Tibbits said the new architecture will assure data sharing between Defense and VA to create a single health record for patients and to integrate health care operations without requiring either department to abandon its system. Hospital staff will be free to use applications that are most suited to the mission of their departments.

Each department will continue to have operational responsibilities for the components of its own system, Tibbits said. "This is not a single computer system," he emphasized. "It is a single logical health record for each patient that is sufficiently robust for integrated healthcare delivery."

Casscells, speaking at a Government Executive breakfast on Aug. 13, estimated that it would cost $15 billion to evolve the Defense and VA systems. David Brailer, who served from 2004 to 2006 as the nation's first National Health Information Technology Coordinator in the Health and Human Services Department, agreed with the price tag, comparing it to Britain's National Health Service project to develop a health IT system to serve 50 million patients. That system, originally estimated to cost £10 billion in 2003, is now pegged at £20 billion (U.S. $37.1 billion).

Brailer, now chairman of Health Evolution Partners, a health care venture capital firm based in San Francisco, said developing and deploying a large-scale health information system requires significant customization, which drives up costs and extends schedules.

But Campbell said the new architecture could be developed for less than $1 billion. And by using a service oriented architecture, the departments will save time and cut costs because MHS can reuse code and applications developed for AHLTA, much the same way MHS has done with battlefield medical systems, said Col. Claude Hines, program manager for the Defense Health Information Management System.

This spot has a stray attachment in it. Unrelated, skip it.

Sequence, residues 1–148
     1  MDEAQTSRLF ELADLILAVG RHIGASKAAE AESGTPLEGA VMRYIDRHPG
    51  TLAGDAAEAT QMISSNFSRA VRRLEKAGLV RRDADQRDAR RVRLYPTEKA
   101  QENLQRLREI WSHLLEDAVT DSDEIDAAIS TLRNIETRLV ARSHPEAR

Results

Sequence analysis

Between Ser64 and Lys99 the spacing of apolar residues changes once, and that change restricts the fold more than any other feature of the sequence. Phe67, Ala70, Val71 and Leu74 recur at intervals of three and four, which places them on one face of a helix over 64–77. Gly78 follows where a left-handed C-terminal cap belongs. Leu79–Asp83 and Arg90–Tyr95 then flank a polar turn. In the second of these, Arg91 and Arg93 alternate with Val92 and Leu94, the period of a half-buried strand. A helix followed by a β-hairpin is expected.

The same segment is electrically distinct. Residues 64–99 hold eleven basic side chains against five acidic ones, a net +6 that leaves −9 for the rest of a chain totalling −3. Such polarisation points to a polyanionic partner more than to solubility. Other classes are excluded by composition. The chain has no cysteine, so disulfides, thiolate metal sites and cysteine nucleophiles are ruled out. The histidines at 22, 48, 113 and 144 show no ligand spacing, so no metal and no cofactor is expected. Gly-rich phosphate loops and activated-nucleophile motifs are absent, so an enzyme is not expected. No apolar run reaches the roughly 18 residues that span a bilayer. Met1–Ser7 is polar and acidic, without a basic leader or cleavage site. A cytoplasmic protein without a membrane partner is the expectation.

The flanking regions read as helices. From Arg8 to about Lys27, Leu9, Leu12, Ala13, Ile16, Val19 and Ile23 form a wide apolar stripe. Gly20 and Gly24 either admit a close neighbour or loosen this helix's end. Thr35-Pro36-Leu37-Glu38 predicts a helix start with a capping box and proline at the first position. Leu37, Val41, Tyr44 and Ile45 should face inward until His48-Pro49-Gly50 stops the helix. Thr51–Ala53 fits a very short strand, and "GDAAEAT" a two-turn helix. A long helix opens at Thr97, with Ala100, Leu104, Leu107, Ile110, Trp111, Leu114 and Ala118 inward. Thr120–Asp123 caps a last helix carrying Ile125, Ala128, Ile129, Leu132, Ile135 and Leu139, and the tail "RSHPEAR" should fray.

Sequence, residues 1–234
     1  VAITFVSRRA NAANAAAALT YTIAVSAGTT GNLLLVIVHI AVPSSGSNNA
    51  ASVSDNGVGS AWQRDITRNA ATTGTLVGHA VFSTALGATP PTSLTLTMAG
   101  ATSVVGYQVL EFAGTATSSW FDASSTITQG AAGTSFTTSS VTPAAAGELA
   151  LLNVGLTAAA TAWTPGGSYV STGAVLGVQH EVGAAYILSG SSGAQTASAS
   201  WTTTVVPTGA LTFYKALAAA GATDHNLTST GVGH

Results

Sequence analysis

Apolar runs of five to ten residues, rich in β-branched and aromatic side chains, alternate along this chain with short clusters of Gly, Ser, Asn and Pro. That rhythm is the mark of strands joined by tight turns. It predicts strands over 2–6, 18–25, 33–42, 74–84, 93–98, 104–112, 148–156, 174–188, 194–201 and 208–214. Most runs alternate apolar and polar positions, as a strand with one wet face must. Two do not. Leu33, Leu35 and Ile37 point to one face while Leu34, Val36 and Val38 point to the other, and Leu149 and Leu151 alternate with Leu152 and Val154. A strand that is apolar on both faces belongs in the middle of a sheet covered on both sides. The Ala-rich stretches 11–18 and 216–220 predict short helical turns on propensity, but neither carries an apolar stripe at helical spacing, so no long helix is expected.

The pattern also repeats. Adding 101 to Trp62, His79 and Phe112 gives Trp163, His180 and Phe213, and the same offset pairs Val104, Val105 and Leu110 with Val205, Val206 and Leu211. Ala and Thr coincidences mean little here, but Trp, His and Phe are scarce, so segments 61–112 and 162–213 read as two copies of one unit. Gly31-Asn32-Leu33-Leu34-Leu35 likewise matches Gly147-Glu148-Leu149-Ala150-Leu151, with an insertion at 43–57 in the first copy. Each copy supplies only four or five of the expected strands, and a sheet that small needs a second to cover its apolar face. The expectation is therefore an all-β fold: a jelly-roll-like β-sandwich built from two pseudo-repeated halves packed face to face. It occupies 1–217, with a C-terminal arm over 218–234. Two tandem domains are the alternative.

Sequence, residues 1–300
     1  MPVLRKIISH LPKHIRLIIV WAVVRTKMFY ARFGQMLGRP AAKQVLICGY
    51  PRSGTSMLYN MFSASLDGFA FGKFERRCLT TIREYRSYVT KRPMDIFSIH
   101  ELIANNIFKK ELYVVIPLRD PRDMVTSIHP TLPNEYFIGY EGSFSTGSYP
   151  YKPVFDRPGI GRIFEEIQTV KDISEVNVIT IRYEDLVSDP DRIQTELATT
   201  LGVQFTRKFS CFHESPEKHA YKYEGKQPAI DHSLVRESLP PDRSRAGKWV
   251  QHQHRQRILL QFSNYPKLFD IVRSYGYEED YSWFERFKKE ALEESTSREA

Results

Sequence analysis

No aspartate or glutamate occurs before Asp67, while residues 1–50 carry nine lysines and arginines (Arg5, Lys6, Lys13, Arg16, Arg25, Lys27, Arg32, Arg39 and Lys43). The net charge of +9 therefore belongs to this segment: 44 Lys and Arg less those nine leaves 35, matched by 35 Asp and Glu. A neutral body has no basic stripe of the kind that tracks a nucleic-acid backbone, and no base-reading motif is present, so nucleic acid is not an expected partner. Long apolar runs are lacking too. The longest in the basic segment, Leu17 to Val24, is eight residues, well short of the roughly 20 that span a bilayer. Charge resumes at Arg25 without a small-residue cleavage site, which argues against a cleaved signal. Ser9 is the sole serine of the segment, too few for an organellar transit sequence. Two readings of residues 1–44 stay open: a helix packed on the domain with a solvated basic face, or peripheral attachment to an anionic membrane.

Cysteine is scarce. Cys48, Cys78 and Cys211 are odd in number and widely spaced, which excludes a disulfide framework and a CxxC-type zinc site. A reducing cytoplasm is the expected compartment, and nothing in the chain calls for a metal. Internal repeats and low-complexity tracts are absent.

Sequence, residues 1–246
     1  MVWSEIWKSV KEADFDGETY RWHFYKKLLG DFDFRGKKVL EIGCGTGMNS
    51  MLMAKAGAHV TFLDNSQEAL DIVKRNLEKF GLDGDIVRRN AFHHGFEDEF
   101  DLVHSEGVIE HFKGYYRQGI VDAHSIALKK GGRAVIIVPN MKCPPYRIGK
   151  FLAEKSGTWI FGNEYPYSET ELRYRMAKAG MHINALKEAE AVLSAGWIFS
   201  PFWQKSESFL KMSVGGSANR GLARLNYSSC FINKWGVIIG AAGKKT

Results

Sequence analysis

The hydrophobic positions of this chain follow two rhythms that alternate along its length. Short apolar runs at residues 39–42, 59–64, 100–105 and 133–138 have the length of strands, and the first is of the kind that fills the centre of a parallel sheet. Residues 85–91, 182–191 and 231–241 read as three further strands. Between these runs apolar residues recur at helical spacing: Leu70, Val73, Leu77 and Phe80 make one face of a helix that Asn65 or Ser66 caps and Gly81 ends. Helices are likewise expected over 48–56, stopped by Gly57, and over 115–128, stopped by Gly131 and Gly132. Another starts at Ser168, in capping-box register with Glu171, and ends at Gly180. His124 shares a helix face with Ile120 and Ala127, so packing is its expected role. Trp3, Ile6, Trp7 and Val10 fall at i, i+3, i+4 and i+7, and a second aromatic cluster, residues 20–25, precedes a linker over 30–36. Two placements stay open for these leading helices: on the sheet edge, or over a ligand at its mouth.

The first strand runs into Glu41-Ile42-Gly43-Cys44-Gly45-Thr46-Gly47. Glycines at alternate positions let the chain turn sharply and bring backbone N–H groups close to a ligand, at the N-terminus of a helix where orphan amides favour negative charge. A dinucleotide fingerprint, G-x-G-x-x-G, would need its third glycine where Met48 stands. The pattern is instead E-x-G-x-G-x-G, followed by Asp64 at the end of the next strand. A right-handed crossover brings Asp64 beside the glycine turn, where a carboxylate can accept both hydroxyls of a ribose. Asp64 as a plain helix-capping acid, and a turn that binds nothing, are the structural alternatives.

Campbell said the use of standards-based systems, as well as commercial products, also will hold costs down because they will replace some AHLTA components that are old and therefore difficult and expensive to maintain. For example, Hines said some systems within MHS are so old they do not use the Health Level 7 electronic messaging standard mandated by the Office of the National Coordinator for Health Information Technology. Not being able to follow this standard requires more expensive customization, Hines said.

Those developing the architecture for the new Defense-VA electronic health records system must heed VA's software development culture, which is based on clinician involvement at every stage of the process, said Joseph Dal Molin, founder of e-cology Corp. in Toronto and who works on deployments of an open source version of VA's electronic health record software.

Brailer agreed that clinicians must participate in the development of the system, a lesson Britain learned in development of its national electronic health record system. He added that Defense and VA also must convince Congress to sign off on their grand plan and develop a budget and management structure that spans the two departments. He suggested the formation of a joint Military Veterans Health Information Technology Office to oversee the process.